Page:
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A Reflection and Prayer for the Fall

Whether or not we follow a school schedule, September often brings with it a feeling of newness, a sense of starting over, or a readiness for moving forward our personal hopes and dreams. In the spiritual tradition of the Sisters of St. Joseph, with their roots in 17th century France, we believe God is always asking “What more will you let me do for you?” The more, “le plus,” is not so much about doing more as it is about being more

The Gospel stories are filled with examples of Jesus’ desire to do “more” for us: giving new sight to the blind, helping the paralytic and lame to move, and telling the person with the clutched fists to stretch out his arms. God does not want us to be blind, to have closed fists, to be stuck or to be less than we are created to be. God asks us: Do you want me to make your unfinished life more complete and whole? Of course, letting God do more in us always is always a call to change. God’s grace and healing in us challenge us to new and different ways to see, to think, to reach out, to encounter, to embrace and to include.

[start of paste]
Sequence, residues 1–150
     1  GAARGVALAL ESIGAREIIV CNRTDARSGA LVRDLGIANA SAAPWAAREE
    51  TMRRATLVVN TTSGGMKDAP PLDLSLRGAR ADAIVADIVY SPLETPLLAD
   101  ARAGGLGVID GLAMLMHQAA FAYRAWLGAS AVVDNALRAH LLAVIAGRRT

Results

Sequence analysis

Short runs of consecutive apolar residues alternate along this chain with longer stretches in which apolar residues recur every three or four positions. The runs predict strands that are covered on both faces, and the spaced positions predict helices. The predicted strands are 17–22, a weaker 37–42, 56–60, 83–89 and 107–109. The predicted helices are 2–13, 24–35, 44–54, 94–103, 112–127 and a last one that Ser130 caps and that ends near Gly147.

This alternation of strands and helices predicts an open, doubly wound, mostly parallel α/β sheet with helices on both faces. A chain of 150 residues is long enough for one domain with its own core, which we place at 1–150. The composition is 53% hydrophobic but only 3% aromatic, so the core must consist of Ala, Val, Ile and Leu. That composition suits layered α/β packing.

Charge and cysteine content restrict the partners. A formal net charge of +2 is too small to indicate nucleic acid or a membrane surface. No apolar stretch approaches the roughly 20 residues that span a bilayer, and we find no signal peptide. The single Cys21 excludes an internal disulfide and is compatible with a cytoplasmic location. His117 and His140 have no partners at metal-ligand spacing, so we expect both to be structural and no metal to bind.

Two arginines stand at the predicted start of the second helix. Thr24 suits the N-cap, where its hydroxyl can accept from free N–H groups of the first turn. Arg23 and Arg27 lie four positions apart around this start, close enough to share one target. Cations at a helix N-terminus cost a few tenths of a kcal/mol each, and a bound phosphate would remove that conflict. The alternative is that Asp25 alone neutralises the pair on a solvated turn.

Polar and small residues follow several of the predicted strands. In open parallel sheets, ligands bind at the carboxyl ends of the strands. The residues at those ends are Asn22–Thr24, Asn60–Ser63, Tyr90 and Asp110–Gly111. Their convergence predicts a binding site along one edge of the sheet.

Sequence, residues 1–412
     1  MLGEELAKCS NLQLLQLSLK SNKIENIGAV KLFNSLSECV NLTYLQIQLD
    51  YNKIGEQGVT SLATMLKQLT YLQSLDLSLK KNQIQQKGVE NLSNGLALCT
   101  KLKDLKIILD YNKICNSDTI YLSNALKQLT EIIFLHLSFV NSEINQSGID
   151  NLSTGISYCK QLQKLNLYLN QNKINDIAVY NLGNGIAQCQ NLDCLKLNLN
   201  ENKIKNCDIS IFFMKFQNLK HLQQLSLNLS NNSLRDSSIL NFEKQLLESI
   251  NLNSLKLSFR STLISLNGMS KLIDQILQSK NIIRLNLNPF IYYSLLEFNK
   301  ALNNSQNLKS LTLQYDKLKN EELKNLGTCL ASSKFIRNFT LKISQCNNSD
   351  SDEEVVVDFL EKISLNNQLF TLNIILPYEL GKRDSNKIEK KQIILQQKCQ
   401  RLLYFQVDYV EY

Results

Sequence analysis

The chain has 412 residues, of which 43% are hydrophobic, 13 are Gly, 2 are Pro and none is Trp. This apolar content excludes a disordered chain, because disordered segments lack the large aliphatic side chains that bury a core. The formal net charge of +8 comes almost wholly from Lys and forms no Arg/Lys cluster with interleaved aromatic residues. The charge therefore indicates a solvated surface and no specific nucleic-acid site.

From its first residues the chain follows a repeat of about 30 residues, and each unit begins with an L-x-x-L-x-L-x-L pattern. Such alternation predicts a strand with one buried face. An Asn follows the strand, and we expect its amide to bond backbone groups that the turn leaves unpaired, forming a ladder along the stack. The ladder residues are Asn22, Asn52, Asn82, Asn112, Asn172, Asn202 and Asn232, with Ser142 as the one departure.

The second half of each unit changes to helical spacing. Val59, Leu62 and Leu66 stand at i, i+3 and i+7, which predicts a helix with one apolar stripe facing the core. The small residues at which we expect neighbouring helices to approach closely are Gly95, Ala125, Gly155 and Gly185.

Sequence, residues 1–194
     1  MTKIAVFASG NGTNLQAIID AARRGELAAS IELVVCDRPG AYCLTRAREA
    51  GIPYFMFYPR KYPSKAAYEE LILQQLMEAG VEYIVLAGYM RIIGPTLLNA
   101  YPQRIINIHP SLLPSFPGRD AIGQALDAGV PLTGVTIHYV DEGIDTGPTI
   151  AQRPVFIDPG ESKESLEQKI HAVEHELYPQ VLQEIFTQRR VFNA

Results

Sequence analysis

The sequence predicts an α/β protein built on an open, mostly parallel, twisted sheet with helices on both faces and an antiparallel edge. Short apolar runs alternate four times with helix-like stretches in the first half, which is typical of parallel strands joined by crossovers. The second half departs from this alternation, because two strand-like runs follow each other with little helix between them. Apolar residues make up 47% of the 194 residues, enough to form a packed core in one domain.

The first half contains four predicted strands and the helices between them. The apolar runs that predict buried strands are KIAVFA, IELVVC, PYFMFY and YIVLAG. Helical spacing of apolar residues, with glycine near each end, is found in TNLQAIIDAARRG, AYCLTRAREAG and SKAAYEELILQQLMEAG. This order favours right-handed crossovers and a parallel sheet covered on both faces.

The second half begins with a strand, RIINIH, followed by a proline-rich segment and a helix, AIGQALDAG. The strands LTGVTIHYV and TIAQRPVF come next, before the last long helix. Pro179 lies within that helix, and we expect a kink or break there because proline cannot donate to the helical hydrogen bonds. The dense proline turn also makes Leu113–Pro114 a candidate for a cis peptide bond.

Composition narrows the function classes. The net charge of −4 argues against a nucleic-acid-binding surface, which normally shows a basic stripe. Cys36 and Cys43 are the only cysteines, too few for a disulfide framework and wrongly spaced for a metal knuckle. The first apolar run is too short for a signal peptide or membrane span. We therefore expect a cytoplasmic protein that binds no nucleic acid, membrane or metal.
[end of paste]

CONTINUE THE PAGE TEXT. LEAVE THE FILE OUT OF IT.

In our moments of quiet and reflection, let us be open to God’s question: What more can I do for you? As we pray for ourselves and the many needs of our broken world, may we become what we pray.

"Becoming What We Pray"
(James Marchionda, OP)

When the hungry are fed, the naked are clothed,
and children living on the street are given a home,
when believers truly practice what we pray
then the Kingdom of God will be near. 

When the lonely are loved, the frightened are freed,
and women everywhere are treated equally,
when believers truly practice what we pray
then the Kingdom of God will be near. 

When the nations at war put down all their arms
and troops from every country can return to their homes,
when our politics embody what we pray
then the world will be transformed.

When respect for the earth is greater than greed,
and human laws reflect creation’s dignity,
when believers truly practice what we pray
then the Kingdom of God will be near. 

When our tolerance grows beyond all our fears and we view one another as the image of God,
when believers truly practice what we pray, then the Kingdom of God will be near.